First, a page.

|Original author(s)||Canonical Ltd. / Ubuntu Foundation|
|Initial release||29 October 2009|
16.04 / 20 April 2016
|Platform||Ubuntu Desktop Edition 9.10 and later|
Ubuntu Touch 1.0 and higher
|Type||Digital distribution (Apps, Books)|
Ubuntu Software Center, or simply Software Center, is a discontinued high-level graphical front end for the APT/dpkg package management system. It is free software written in Python, PyGTK/PyGObject based on GTK.
The program was created for adding and managing repositories, as well as Ubuntu Personal Package Archives (PPA) and on Ubuntu, the Ubuntu Software Center also allowed users to purchase commercial applications.
In early 2009 Ubuntu developers noted that package management within Ubuntu could be improved and consolidated. Recent releases of Ubuntu, such as Ubuntu 9.04 (Jaunty Jackalope) included five applications for package management which consumed space and other resources, as well as provide confusion to users. Applications could be downloaded using the basic Add/Remove Applications or with the Synaptic Package Manager. The Software Updater provided updating for installed packages and Computer Janitor cleaned up packages that were no longer needed. The Software Sources application allowed user selection of the package download location.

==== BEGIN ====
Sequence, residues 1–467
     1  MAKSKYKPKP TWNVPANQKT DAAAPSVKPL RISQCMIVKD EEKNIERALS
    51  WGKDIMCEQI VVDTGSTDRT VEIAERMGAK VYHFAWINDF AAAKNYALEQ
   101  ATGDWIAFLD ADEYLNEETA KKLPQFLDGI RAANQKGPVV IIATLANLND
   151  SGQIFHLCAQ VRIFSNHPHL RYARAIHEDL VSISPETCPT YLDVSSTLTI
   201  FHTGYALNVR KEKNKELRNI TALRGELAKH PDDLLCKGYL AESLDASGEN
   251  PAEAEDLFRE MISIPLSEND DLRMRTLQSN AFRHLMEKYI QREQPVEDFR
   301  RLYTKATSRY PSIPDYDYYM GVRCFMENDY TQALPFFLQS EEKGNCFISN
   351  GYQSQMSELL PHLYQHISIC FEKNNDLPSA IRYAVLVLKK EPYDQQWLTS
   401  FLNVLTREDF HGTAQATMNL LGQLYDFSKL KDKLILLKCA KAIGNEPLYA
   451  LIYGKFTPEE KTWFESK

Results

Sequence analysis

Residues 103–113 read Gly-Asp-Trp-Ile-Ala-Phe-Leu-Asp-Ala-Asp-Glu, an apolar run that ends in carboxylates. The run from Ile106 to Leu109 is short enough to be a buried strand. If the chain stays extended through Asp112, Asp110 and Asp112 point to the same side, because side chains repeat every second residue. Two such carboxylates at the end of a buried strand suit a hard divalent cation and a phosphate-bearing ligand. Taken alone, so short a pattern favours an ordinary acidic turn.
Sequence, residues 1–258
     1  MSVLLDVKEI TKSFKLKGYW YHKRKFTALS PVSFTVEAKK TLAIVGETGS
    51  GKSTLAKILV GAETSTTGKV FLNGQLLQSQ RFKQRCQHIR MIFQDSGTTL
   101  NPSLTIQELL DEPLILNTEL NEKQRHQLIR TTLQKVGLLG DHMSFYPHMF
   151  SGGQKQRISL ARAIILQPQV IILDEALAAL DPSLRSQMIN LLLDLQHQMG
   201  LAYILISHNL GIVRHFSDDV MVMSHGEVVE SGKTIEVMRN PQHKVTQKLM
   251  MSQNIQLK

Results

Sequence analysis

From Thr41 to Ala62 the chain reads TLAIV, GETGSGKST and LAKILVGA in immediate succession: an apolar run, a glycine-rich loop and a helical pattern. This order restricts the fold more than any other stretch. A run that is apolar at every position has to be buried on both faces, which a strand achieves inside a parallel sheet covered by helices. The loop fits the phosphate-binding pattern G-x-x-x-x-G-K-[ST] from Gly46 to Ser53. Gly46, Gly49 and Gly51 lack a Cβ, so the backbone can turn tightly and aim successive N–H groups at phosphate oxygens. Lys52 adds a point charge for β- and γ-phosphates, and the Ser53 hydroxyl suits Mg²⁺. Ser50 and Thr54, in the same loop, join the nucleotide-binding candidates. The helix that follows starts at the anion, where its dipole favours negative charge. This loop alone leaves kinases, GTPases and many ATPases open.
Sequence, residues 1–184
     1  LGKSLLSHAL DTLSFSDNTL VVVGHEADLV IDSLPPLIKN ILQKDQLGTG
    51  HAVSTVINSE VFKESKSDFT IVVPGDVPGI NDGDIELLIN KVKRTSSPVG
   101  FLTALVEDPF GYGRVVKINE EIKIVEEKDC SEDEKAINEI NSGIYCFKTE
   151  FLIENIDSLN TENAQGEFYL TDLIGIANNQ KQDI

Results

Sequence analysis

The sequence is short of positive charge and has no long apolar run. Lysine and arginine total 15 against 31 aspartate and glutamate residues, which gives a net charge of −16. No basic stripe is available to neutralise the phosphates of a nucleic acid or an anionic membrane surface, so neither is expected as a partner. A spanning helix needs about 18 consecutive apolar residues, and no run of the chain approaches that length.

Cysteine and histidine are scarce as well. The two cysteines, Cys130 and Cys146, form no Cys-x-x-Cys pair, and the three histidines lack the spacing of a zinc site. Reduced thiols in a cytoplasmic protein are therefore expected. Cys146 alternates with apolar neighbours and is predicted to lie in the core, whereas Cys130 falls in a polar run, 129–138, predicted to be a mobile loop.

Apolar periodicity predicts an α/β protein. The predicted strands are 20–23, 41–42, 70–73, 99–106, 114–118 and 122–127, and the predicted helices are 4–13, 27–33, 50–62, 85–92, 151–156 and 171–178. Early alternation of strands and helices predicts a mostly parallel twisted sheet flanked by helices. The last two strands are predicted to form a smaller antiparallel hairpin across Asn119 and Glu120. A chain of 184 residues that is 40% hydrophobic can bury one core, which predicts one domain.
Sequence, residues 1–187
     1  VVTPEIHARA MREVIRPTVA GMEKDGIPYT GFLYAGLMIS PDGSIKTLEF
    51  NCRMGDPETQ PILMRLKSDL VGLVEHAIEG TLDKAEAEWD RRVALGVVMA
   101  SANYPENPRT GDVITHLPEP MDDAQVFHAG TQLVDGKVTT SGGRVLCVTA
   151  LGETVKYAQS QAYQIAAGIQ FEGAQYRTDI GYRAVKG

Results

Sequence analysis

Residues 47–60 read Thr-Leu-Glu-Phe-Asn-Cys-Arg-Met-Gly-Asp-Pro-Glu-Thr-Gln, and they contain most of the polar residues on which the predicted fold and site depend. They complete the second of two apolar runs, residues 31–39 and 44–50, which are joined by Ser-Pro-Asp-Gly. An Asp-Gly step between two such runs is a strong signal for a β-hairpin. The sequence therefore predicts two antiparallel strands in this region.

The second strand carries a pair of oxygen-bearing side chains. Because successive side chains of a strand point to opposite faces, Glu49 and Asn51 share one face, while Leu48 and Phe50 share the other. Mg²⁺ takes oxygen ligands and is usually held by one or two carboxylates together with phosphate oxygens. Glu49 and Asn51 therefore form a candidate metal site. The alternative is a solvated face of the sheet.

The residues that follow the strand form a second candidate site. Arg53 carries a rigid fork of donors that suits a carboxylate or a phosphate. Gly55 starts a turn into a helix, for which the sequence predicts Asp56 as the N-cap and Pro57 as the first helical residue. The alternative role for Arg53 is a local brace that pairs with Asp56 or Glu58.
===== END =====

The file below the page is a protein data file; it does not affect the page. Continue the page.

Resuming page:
Ubuntu developers set as a goal:
"... there should be one obvious mechanism for installing, removing, and updating software in Ubuntu, with a self-evident name and an interface anyone can use. There should be a coordinated system for developers and enthusiasts to improve the usefulness of descriptions and other metadata for software packages. The software updates interface should be honed to maximize the voluntary installation of updates across the millions of computers on which Ubuntu is installed. And projects and vendors whose software is packaged for Ubuntu should be encouraged to provide links to their software's presence in the Software Store, instead of command-line installation instructions."
Canonical introduced the Software Center gradually, starting with Ubuntu 9.10 (Karmic Koala) with complete functionality expected by Ubuntu 11.10, in October 2011. By May 2011, the plan had mostly been completed:
In August 2015 Chris Hoffman of PC World criticized the application, indicating that Canonical was not maintaining it properly while work on the replacement application was being pursued. In particular, he noted that paid applications were not being supported properly and that Canonical had not informed developers of this. The application still works for installing and managing free software applications.
Other examples of a high-level graphical front end for APT
Edited: 2021-06-18 18:35:39